In December 2020, Bounce’s chief executive officer Vivekananda Hallekere confirmed with Inc42 that the startup did have over 25,000 vehicles before March 2020, but had to liquidate more than 50% of these vehicles due to diminishing demand. The startup is currently aiming to convert its entire fleet into electric vehicles, which is much cheaper to operate on a shared mobility model when compared to petrol vehicles.
Bounce, which operates on a dockless scooter-sharing model, used to clock around 100,000-120,000 daily rides a day before last year’s nationwide lockdown affected demand. The startup then had to go through two rounds of layoffs, effectively firing close to 50% of its workforce to keep costs in check. Bounce even received all the required regulatory approvals for its retrofitted electric scooter in November 2020. However, it’s unclear how many EVs the startup has currently deployed. Bounce refused to participate in the story and did not respond to a questionnaire seeking comments.
Bounce’s closest competitor VOGO also cut its fleet size last year, although the total number of scooters liquidated wasn’t public. Speaking to Inc42, VOGO’s chief executive officer Anand Ayyadurai said that the impact of the fresh round of lockdowns on its ridership is lower when compared to last year when there were stricter lockdown restrictions. VOGO, which is currently operational in Bengaluru and Hyderabad has seen a 15-20% dip in daily ridership, Ayyadurai said.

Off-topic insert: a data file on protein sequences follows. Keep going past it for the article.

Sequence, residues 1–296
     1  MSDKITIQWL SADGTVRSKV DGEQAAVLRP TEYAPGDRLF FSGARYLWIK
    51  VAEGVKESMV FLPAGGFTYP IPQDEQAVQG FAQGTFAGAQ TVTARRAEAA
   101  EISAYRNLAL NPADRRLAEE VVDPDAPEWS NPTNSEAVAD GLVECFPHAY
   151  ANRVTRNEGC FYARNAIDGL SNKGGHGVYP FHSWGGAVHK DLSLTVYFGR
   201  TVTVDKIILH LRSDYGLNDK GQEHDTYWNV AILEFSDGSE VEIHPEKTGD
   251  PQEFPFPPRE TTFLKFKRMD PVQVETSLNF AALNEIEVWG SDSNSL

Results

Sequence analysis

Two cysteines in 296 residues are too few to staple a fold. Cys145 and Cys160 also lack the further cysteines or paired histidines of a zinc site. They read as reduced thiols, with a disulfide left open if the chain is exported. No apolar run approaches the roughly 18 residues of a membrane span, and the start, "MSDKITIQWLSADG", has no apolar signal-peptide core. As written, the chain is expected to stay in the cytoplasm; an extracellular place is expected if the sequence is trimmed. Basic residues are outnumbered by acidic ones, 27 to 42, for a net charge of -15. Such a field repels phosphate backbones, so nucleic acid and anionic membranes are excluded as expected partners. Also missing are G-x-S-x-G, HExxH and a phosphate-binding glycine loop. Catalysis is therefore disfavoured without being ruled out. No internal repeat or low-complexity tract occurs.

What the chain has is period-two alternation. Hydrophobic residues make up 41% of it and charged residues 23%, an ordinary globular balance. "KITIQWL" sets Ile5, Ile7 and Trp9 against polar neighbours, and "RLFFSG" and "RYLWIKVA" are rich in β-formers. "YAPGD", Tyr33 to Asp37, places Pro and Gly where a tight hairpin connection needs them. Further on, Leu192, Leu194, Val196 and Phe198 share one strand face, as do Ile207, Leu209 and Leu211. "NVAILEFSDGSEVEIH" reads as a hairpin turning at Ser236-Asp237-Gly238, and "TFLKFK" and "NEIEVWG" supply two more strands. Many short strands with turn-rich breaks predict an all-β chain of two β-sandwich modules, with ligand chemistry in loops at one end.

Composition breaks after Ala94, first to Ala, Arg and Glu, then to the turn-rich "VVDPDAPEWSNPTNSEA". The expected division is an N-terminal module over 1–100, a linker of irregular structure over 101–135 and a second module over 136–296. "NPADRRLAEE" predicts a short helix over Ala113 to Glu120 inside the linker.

“We didn’t see any impact on our two-wheeler rental business until the second week of April in our operational cities. Although there is a 15-20% drop in demand, only in two cities (Bengaluru and Hyderabad), the situation isn’t like last year when demand literally went to zero and we had to rebuild the business from scratch,” explained Ayyadurai.
He also pointed out that food delivery and other gig economy workers currently contribute 30% to the demand for VOGO, which has remained consistent throughout the last year.
Focus On Cutting Down Debt